Infants with Tay-Sachs disease seem to develop as usual during the first few months of their lives.
Defining Tay-Sachs Disease
Tay-Sachs disease is a form of fatal genetic lipid storage disorder where harmful amounts of a fatty substance known as, 'ganglioside GM2,' build up in a person's nerve cells and tissues in their brain. The condition is caused by a lack of sufficient activity on the part of an enzyme known as, 'beta-hexosaminidase A,' which catalyzes the biodegration of acidic fatty materials such as gangliosides. Gangliosides are both made and biodegraded quickly in early life as the person's brain develops.
Infants with Tay-Sachs disease seem to develop as usual during the first few months of their lives. However, as their nerve cells become distended with fatty material - a process of deterioration involving their mental and physical abilities happens. Children with the disease become deaf, blind, and lose the ability to swallow. Their muscle start to atrophy and paralysis sets in. Additional neurological symptoms experienced by children with Tay-Sachs disease include seizures, dementia, and an increased startle response to noise. There is a much rarer form of Tay-Sachs disease which occurs in people who are in their twenties to early thirties that is characterized by progressive neurological deterioration and an unsteady gait. People with the disease also experience red spots in their eyes.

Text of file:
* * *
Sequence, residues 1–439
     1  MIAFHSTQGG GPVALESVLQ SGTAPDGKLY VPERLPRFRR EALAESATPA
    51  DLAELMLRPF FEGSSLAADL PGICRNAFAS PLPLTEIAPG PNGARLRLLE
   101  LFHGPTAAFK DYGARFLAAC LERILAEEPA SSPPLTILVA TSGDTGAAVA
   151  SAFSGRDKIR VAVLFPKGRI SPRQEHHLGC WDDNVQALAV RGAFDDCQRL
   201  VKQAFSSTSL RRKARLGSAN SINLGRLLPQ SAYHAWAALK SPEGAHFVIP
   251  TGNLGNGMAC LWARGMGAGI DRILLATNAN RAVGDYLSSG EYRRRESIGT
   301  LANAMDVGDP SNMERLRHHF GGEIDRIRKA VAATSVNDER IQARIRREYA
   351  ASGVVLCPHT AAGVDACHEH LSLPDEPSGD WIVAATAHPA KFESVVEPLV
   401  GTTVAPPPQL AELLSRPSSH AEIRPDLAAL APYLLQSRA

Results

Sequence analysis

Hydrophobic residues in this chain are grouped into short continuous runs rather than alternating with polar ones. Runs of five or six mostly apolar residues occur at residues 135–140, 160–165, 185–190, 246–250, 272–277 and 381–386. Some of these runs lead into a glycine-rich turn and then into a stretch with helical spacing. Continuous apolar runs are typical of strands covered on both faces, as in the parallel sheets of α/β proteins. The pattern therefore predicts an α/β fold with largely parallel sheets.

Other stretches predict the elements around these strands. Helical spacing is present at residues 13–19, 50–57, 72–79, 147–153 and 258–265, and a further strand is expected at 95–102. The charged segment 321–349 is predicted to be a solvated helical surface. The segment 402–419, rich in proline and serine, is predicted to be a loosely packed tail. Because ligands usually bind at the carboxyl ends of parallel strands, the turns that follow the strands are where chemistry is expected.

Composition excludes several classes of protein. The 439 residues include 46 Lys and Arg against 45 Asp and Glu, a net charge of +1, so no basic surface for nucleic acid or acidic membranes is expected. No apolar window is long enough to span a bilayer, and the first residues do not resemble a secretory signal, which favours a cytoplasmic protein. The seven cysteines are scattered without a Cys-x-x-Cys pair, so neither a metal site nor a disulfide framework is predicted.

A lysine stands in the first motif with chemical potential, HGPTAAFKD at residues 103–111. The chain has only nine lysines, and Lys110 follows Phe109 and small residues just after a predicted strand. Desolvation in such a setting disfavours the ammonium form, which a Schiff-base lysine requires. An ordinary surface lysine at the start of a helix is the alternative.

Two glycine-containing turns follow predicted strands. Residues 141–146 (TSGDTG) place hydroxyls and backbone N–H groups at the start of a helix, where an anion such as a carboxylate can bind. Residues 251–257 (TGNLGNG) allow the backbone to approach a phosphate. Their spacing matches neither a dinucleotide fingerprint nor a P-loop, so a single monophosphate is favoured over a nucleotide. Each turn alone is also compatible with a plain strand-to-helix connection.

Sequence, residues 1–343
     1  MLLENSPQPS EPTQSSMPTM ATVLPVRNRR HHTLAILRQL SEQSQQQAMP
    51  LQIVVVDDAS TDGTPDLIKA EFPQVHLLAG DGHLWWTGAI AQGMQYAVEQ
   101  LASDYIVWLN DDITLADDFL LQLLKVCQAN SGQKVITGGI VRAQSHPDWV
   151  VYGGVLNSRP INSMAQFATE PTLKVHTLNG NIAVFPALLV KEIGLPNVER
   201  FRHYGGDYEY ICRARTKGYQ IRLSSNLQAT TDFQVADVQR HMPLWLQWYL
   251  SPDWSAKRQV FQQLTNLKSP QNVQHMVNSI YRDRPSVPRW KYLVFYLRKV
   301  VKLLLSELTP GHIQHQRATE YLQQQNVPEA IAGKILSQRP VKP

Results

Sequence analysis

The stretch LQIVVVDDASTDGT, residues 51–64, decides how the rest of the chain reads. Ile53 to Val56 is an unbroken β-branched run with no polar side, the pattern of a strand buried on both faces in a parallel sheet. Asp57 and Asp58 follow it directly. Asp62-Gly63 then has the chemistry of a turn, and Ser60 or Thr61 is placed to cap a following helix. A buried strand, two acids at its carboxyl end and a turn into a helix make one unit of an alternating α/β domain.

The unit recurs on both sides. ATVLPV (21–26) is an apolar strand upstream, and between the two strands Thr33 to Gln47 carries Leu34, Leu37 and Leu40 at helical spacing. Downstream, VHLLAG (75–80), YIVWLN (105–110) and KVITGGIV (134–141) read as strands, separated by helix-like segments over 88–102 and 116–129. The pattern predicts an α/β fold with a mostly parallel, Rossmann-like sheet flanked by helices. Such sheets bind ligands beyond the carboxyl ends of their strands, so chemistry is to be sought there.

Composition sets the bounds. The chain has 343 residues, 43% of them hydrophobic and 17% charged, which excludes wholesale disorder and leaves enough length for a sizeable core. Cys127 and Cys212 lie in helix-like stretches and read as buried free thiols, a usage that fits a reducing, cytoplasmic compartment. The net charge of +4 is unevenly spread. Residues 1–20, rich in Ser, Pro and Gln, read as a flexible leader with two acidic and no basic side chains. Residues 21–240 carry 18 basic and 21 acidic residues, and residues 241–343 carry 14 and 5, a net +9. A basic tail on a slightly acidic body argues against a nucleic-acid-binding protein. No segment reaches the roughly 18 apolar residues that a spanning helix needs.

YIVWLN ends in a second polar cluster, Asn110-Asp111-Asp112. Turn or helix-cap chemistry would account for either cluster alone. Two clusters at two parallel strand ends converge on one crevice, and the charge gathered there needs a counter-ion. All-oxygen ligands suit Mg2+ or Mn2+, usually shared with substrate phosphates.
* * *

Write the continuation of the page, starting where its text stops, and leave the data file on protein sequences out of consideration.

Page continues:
The occurrence of Tay-Sachs disease is particularly high among persons of Eastern European and Askhenazi Jewish descent. People with the disease, as well as carriers, may be identified through a simple blood test which measures beta-hexosaminidase A activity. Both of a person's parents must carry the mutated gene for them to be affected. When this occurs, there is a twenty-five percent chance with each pregnancy that the child these parents have will be affected by Tay-Sachs disease.